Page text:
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Bug #45550 BC break: strtotime parses 0000-00-00 00:00:00 as valid date in 5.2.6
Submitted: 2008-07-17 22:00 UTC Modified: 2008-07-18 13:31 UTC
Avg. Score:5.0 ± 0.0
Reproduced:2 of 2 (100.0%)
Same Version:2 (100.0%)
Same OS:2 (100.0%)
From: jack+phpdotnet at smartertravelmedia dot com Assigned:
Status: Not a bug Package: Date/time related
PHP Version: 5.2.6 OS: RHEL 4/5
Private report: No CVE-ID: None
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From: jack+phpdotnet at smartertravelmedia dot com
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 [2008-07-17 22:00 UTC] jack+phpdotnet at smartertravelmedia dot com
MySQL uses '0000-00-00 00:00:00' as a default value for non-null datetime fields.  Until 5.2.6, strtotime correctly returned false (or -1 before 5.1) when passed this value - it's not a valid date/time.

5.2.6 returns '-62169966000' which is not useful.

Reproduce code:
<?php echo (int)strtotime('0000-00-00 00:00:00');

Expected result:
Should print 0.

Actual result:
Actually prints -62169966000.


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 [2008-07-18 02:32 UTC] jack+phpdotnet at smartertravelmedia dot com
updated subject to note that this is a backward-compatibility break.
 [2008-07-18 07:25 UTC]
Please do not submit the same bug more than once. An existing
bug report already describes this very problem. Even if you feel
that your issue is somewhat different, the resolution is likely
to be the same. 

Thank you for your interest in PHP.

This is not a bug. MySQL is being silly to use this string as a default value. In PHP 5.3 you can now detect this however, by using date_parse_from_format( "Y-m-d H:i:s"); and then check the contents of date_get_last_errors().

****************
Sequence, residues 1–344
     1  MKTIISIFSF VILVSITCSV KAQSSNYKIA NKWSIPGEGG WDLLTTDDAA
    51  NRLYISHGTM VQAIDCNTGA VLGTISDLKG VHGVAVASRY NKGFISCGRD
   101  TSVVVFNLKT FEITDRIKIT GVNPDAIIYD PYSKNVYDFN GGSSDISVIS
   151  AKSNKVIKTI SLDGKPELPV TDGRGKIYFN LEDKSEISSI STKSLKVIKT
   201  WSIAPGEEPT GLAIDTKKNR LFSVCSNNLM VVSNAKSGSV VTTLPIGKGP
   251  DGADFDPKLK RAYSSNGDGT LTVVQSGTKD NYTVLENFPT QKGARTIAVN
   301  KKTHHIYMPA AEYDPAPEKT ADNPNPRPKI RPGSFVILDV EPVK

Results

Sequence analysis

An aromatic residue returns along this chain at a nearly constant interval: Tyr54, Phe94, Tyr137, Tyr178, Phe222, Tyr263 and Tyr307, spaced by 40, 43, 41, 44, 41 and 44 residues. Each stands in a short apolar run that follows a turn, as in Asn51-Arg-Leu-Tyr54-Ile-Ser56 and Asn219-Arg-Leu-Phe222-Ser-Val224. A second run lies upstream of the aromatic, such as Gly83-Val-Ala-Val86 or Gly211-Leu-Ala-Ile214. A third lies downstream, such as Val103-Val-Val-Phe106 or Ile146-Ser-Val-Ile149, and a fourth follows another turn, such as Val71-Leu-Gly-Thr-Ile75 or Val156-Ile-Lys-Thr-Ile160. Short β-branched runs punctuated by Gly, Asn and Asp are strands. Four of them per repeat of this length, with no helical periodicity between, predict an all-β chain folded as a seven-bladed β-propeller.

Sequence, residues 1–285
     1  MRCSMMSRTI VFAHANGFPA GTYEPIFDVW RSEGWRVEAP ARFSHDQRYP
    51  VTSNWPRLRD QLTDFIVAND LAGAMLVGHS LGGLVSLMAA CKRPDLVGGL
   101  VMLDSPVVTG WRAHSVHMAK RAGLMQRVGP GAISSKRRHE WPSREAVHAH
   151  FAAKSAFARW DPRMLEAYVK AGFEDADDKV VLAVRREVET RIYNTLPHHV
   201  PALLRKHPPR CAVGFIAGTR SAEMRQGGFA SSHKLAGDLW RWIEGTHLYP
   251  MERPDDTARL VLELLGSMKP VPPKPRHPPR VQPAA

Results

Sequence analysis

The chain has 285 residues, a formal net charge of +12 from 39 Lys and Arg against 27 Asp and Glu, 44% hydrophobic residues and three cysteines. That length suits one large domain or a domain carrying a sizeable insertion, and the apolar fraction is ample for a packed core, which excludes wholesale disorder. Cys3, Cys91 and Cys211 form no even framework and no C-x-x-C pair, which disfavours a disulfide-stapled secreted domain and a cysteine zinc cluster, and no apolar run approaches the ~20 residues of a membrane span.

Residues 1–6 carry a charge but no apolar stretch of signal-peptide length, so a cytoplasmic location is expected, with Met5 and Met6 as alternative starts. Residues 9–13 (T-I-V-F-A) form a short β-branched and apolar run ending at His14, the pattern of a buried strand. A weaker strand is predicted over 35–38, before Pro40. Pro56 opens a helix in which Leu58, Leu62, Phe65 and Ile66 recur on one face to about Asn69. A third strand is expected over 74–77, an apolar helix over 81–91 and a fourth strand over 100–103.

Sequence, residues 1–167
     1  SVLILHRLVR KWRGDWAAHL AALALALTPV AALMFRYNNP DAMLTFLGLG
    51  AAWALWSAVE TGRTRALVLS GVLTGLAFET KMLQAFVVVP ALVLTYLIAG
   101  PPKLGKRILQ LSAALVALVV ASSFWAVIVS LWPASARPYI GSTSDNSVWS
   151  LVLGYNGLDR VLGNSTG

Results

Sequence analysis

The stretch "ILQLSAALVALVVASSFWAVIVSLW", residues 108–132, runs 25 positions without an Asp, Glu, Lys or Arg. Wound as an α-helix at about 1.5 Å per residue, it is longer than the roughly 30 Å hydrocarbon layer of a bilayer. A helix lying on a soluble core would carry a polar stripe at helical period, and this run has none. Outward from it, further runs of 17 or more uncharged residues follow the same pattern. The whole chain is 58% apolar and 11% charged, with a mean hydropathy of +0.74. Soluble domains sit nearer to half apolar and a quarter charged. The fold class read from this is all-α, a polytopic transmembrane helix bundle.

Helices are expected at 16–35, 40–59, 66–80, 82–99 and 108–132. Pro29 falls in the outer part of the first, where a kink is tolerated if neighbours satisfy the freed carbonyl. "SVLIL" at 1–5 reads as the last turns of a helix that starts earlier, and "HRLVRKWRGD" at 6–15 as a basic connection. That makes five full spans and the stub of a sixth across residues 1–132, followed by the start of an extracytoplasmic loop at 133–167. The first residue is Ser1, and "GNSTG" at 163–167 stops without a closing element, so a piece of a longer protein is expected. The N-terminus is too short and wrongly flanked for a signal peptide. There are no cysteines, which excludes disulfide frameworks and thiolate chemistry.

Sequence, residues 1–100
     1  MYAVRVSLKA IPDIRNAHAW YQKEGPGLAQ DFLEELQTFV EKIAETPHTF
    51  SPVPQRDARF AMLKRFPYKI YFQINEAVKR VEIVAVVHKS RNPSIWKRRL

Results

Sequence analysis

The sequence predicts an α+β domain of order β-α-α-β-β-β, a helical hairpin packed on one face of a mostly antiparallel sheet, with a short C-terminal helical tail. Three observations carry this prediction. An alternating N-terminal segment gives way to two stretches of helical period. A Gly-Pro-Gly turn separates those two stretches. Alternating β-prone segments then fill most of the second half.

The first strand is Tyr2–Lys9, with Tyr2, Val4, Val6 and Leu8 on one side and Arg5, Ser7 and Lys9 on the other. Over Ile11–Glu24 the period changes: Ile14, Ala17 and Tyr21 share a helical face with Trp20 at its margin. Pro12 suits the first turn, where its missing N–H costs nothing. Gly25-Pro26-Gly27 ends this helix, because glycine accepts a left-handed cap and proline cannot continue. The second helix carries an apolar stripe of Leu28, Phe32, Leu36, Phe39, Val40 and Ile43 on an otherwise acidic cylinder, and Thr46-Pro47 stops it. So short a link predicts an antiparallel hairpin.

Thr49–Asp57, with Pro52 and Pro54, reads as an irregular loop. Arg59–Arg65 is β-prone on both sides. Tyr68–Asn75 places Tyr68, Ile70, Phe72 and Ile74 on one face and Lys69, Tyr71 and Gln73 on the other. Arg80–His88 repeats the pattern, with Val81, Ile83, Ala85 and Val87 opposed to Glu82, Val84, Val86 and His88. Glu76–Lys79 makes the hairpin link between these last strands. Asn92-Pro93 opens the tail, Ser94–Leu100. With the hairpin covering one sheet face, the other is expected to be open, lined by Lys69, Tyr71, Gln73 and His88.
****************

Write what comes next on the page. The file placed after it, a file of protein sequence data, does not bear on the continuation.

[2008-07-18 13:31 UTC] jack+phpdotnet at smartertravelmedia dot com
First of all, those previously-reported bugs are with the DateTime class, not strtotime.  If DateTime uses strtotime or its underlying implementation, that's not for me to know.  I searched the bug database before submitting this report and did not find the two you mentioned.  Your "similar bugs" prompt didn't flag them either.

Second, how is this not a bug?  strtotime's manual page says, "Returns a timestamp on success, FALSE otherwise."  The string of zeroes that mysql uses is NOT a valid datetime string, so how is strtotime "successfully" parsing it into a random negative number?  That's aside from the fact that this is a behavior *change* from 5.2.5 to 5.2.6 - that alone makes it a problem.

Third, you can think mysql is silly for using this as a default all you want, but they've been doing it since at least version 3.23 if not before.  Just because you don't agree with it doesn't mean PHP shouldn't handle it as advertised - namely to return false if an invalid date/time string is passed to strtotime.
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